Fig 1 Histologic demonstration of the nbm lesion and resultant Aβ deposition.
A,B: rabbit nbm area in control (A) and immunotoxin- treated animals (B), stained for AChE. Note the marked depletion of nbm neurons in the latter.
C,D: rabbit nbm in control (C) and treated (D) animal, stained immunohistochemically for p75 NTR. Note the depletion of neurons in the treated animal.
E,F: frontal cortex from control (E) and treated (F) animals, stained for AChE. Note eradication of cholinergic fibers in the latter.
G,H: Aβ deposition in cerebral cortex of lesioned animals. Aβ is deposited in blood vessel walls (G) and in the perivascular neuropil (H).[/twocol_one_last]


  1. Beach TG and McGeer EG. Acta Neuropathol. 83:292-299, 1992.
  2. Beach TG, Walker, D.G., Cynader MS and Hughes LH. Neurosci. Lett. 142:253-256, 1996.
  3. Beach TG, Hughes LH and Honer, WG. Acta Neuropathol. 93:146-153, 1997.
  4. Beach, TG, Sue, LI, Scott, S and Sparks, DL. Alz. Reports 1:375-380, 1998.
  5. Beach, TG, Potter, PE, Kuo, Y-M, Emmerling, MR, Durham, RA, Webster, SD, Walker, DG, Sue, LI, Scott, S, Layne, KJ and Roher, AE. Neurosci. Lett. 283: 9-12, 2000.
  6. Beach, TG, Kuo, Y-M, Spiegel, K, Emmerling, MR, Sue, LI, Kokjohn, K and Roher, AE. J. Neuropathol. Exp. Neurol. 59:308-313, 2000.
  7. Nitsch, RM, Slack, BE, Wurtman, RJ, and Growdon, JH. Science 258:304-307, 1992.
  8. Fine, A, Hoyle, C, Maclean, CJ, Levatte, TL, Baker, HF and Ridley, RM. Neuroscience 81:331-343, 1997.

Product information related to cover article: ME20.4-SAP, Cat. #IT-15 

SP-SAP as Chronic Pain Therapeutic


SAN DIEGO, CA, NOVEMBER 18, 1999— Chronic, intractable pain afflicts millions of Americans. Pioneering new technology, called molecular neurosurgery and developed by Advanced Targeting Systems, a San Diego-based company, provides the springboard for a one-time injection of a targeted toxin that could result in permanent relief for those suffering constant, unrelenting and crippling pain from cancer and other illnesses. These results are reported in the November 19 issue of the journal Science.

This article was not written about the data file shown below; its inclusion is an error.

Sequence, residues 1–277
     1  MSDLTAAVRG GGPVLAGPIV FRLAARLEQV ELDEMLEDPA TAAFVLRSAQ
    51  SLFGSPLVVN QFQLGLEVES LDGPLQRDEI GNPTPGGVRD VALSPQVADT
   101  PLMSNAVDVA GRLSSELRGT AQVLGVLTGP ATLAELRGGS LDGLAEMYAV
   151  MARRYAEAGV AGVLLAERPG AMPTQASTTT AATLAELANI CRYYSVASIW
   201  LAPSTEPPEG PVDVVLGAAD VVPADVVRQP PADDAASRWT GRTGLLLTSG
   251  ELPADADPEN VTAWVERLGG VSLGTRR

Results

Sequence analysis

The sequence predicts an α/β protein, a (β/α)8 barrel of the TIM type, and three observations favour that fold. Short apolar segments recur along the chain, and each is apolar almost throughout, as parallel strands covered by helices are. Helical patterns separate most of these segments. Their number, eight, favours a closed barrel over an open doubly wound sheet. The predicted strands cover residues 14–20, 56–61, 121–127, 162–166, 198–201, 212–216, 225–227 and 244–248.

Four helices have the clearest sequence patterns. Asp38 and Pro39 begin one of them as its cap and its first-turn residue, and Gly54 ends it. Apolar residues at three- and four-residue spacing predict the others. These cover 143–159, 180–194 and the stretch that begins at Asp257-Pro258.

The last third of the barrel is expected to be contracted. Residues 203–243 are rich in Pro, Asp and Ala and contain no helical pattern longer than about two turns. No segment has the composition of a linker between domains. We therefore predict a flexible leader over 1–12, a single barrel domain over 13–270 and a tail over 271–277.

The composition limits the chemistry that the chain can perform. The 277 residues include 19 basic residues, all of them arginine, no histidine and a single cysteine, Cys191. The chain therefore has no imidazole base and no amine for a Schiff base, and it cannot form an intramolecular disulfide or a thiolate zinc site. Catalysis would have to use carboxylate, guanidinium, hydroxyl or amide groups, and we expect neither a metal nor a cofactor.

The targeted toxin used in the pain studies is a chemical conjugate composed of the neuropeptide Substance P, and the ribosome-inactivating protein saporin. According to Douglas Lappi, Ph.D., President and Senior Scientist of Advanced Targeting Systems, “Substance P-saporin targets delivery of a toxic compound to those nerve cells that transmit pain messages up the spinal cord to the brain. This precise method allows chronic pain to be permanently stopped without affecting normal pain transmission.”

Substance P-Saporin targets delivery of a toxic compound to eliminate those nerve cells that transmit pain messages (yellow highlight) up the spinal cord to the brain.
This precise method allows chronic pain to be permanently stopped without affecting other neurons (red).
This technology created by San Diego-based Advanced Targeting Systems, creates the spring board for providing a one-time injection of a targeted toxin that could result in permanent relief for those suffering constant pain from cancer and other illnesses.

Dr. Lappi, the inventor of numerous agents and an innovator in the development of targeted toxins, explains, “The scalpel in molecular neurosurgery is saporin, a protein from the seeds of the plant, Saponaria officinalis. Saporin has no way of entering a cell on its own, but when attached to a targeting agent such as an antibody or neuropeptide, it is directed inside the cell and causes cell death. In the case of Substance P-saporin, the saporin is internalized along with Substance P and eliminates those neurons while leaving bystander neurons untouched.”

Dr. Lappi, author of more than 70 scientific publications, devised the idea of studying pain pathways by using the Substance P receptors as a gateway to get inside the target neurons.

Lappi contacted noted University of Minnesota pain expert Dr. Patrick Mantyh to use the material. The current report in Science covers work completed in Mantyh’s laboratory. Mantyh, a pioneer in the use of the molecule in chronic pain research and treatment, first reported on initial results from the use of Substance P-Saporin in a 1997 Science issue.

The targeted toxin on which the research is based centers around an idea first proposed by Ronald G. Wiley, M.D., Ph.D., scientific advisor to Advanced Targeting Systems and clinical neurologist at the Veteran’s Administration Medical Center, Nashville, TN. Advanced Targeting Systems has patents pending for Substance P-Saporin and its uses.

According to the published research in Science, the Substance P-saporin is working well in the laboratory and, according to Lappi, “This means limited clinical trials in humans could begin within two years.”